My experience and background in the field of marketing taught me about a transactional field of work that involved two parties: content producers and content consumers. In this relationship, the power and influence were assumed to be solely held by the producer. I was taught that there were levers (money) the producer could pull to increase engagement, reach more consumers, and increase conversion rates.
I was taught to measure success through the lens of open and click rates, conversion rates, and engagement metrics, but what about two-way conversation? If the producer's one-way sales pitch was likened to a discussion, does that mean that in turn, the consumer's appropriate conversational reply would be a silent purchase? Money exchanged but without human connection.
In what world is this a conversation? What has become of our economy?
A real conversation takes into consideration nuance, circumstances, and subtle non-verbal queues.
We should normalize two-way exchanges between producers and consumers by modelling marketing campaigns off of human interactions.
When we speak with one another in a typical one-on-one encounter (whether it is online or in person), we perhaps unknowingly enter into dialogue with the following order of operations in order to achieve clarity:
- Initial attempt
- Interpretation of feedback
- Further clarification
- Clarity achieved
In fact, this pattern is typically repeated with each and every person we encounter through a linguistic behaviour known as code switching. We adapt to different circumstances inadvertently through the use of our reptilian brain as a way in which to more easily convey a message or feeling to another human. For instance, you might share more specialized details of a breakthrough discovery in your biology lab with a fellow scientist than you might with your friend who works as a paralegal. This isn't about sharing different information...it's about sharing information differently.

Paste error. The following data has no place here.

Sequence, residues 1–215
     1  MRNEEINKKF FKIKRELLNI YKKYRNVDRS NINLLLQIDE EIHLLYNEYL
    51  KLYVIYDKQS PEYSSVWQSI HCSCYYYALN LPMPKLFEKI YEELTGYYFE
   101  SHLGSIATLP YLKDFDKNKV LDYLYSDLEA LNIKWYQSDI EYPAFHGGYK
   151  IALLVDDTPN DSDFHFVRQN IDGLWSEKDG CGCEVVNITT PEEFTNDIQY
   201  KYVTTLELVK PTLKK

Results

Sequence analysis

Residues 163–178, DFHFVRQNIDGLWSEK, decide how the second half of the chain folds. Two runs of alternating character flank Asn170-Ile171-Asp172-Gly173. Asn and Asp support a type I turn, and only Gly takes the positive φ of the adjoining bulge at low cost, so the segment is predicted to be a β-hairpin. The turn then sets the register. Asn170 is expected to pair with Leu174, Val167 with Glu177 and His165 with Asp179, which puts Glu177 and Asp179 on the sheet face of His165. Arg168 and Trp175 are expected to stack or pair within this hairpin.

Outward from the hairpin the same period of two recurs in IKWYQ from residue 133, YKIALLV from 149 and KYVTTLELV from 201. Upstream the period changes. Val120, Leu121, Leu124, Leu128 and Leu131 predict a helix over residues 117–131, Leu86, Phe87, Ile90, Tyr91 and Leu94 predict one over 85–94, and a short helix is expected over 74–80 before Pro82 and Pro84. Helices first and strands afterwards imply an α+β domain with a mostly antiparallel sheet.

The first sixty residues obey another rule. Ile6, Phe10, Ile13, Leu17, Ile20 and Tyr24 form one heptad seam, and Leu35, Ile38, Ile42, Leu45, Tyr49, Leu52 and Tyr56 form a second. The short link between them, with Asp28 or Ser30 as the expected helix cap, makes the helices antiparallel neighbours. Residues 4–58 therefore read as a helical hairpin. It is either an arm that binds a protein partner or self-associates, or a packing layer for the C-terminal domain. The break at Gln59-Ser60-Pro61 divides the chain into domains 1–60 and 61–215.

Most millennials I know end phrases with questions like, "Does that make sense?" so often it seems somewhat patronizing, but it speaks to a larger issue:
Communication is difficult.
Marketers hold an unrealistic sphere of influence. We can drill down into data points and target people who are solidly middle class, white, majority female, living in the Cincinnati vicinity, and primarily Catholic if we want, but that does not mean our campaigns are for their eyes only.
Marketing is a social justice issue in that it explicitly includes and excludes based on data points that are intended to disarm the targeted consumers while simultaneously excluding potential clients simply because they are not represented in the board room where the messaging is strategized.
Remember the biology lab breakthrough I mentioned?
Imagine if that breakthrough was a cure for cancer but only those with higher education in the sciences were deemed a target audience. This information ultimately trickles down to you and me, but by then who do you think has taken advantage of these new treatments? Who do you think feels comfortable trying this experimental drug because they can understand the science behind it?
To target audiences and segment them based on interest areas is not necessarily an unethical path forward, but designing a marketing campaign around such specific attributes that that audience is given a major advantage over other consumers is. Equal access to information - the same information conveyed differently - is key in order that we can establish strong relationships with diverse consumers. Their feedback will make our brands and messaging better, more accessible, and equitable.
As marketing professionals and content creators (yes, you...the ardent Instagram user), we must approach marketing, advertising, and promotional efforts with empathy, compassion, and a desegmentized mindset in order that we might actually enter into conversation with those on the other end of our messaging.
Saturday, April 10, 2021